On a side note… If you’ve never been, The Trocadero is one of the coolest venues in Philadelphia. It’s an old theater with floor space, a mezzanine with built in bench stadium seating and a creepy-cool shabby chic vibe, which makes for an especially intimate venue. No matter where you are in The Troc, you feel like you are an arm’s length away from the stage, especially if you’re on the rail in the balcony. The sound quality is always amazing (even for Monday movie nights, which I highly recommend checking out!), granted a little bit goes a long way in a space built specifically for excellent acoustics. It’s marvelous to see music in a venue where you can have different experiences and always have great sound quality and a great view of the artists.
The night the Outbreak Tour took over The Trocadero, was one of those where after amazing sets from KnL and ill.gates, I was in serious awe and disbelief that there was more music coming my way. Then Zomboy, DJ Joshua Mellody, the man who brought this whole night to fruition, took the stage increasing the BPMs and turning up the heat in the already steamy Troc. His stage presence was a combination of the high energy of KnL and the laidback confidence of ill.gates giving the impression that he was the captain and he would be taking full control of the crowd. He brought with him a really fat, layered sound that included full-blown floor-shaking bass drops as well as funky little original melodies. By manipulating the speed and pitch of a super high synth noise that he played over parts of his set, it seemed like he was letting go of the ships wheel, letting her rip and then pulling everything back into his control at the last second.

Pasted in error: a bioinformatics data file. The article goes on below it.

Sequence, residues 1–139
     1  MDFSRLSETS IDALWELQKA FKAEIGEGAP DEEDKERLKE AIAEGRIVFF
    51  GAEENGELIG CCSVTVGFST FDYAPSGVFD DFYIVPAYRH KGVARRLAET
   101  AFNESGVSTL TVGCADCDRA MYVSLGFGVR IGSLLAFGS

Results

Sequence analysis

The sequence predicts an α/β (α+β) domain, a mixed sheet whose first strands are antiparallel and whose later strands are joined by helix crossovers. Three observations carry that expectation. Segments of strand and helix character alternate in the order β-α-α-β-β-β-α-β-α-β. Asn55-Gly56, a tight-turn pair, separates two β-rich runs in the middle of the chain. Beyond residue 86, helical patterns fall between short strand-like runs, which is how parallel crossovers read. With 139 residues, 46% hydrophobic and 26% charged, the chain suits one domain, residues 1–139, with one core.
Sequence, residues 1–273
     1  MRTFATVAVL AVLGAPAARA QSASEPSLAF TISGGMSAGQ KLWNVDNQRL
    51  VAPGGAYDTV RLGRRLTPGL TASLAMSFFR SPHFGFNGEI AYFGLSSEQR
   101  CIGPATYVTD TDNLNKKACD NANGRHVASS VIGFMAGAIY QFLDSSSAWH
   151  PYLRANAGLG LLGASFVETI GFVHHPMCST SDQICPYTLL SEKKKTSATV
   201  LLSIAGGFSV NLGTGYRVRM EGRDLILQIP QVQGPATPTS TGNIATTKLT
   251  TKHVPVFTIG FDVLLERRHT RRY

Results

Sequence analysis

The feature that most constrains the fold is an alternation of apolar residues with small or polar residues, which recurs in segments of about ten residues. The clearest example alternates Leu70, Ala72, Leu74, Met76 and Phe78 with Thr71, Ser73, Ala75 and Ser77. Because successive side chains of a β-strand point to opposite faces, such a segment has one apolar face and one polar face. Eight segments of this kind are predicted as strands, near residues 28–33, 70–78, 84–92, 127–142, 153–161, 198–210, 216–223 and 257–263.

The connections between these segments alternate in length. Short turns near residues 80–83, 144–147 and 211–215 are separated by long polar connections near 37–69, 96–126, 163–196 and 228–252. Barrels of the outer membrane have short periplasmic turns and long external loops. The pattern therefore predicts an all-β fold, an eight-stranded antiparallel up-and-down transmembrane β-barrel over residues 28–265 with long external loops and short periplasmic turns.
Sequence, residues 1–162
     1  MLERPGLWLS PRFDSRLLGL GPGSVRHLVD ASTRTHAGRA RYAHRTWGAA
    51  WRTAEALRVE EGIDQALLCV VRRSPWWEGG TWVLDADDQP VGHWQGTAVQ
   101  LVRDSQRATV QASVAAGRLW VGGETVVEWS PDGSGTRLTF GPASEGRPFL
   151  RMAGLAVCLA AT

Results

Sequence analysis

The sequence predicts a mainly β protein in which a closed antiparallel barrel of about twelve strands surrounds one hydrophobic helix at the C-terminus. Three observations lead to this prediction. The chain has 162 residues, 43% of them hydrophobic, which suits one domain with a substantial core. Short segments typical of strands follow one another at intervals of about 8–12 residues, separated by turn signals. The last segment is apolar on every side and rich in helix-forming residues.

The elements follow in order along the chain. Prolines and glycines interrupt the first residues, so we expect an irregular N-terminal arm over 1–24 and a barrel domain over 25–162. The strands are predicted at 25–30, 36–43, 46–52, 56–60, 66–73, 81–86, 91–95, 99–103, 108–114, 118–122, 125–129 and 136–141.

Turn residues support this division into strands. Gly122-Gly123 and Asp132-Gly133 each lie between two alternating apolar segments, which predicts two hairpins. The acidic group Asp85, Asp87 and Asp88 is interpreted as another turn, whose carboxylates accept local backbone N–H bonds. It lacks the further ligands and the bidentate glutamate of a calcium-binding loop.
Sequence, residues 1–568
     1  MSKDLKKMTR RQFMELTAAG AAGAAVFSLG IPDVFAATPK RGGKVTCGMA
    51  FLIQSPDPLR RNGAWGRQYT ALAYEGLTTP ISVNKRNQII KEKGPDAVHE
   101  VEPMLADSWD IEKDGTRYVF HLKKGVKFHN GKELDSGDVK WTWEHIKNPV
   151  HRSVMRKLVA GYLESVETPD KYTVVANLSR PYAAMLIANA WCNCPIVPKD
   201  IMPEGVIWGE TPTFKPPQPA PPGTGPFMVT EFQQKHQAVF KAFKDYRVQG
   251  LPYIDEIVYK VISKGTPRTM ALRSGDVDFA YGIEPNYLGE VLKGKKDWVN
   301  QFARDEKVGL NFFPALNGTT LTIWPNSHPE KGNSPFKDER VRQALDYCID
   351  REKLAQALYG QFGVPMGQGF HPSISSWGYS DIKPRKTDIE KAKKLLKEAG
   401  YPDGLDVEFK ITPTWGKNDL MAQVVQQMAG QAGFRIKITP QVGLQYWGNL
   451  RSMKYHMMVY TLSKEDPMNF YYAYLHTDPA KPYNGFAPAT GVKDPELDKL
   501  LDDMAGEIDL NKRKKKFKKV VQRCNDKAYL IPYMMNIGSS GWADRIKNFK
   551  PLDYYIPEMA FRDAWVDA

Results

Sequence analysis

Accordingly, the crowd, full of the so-called ‘Zombsquad,’ were super amped to be part of the Zomboy experience and were ready and willing to take his direction. Within the first couple minutes of his set half of the people in the balcony migrated downstairs to get dirty on the dance floor. From the balcony I got to see the entire crowd reacting en masse to every auditory move he made. I even saw the formation of a short-lived mosh pit during Here to Stay (feat. Lady Chann), which is no surprise considering the track crushed the dubstep charts on iTunes and Beatport after its release last year.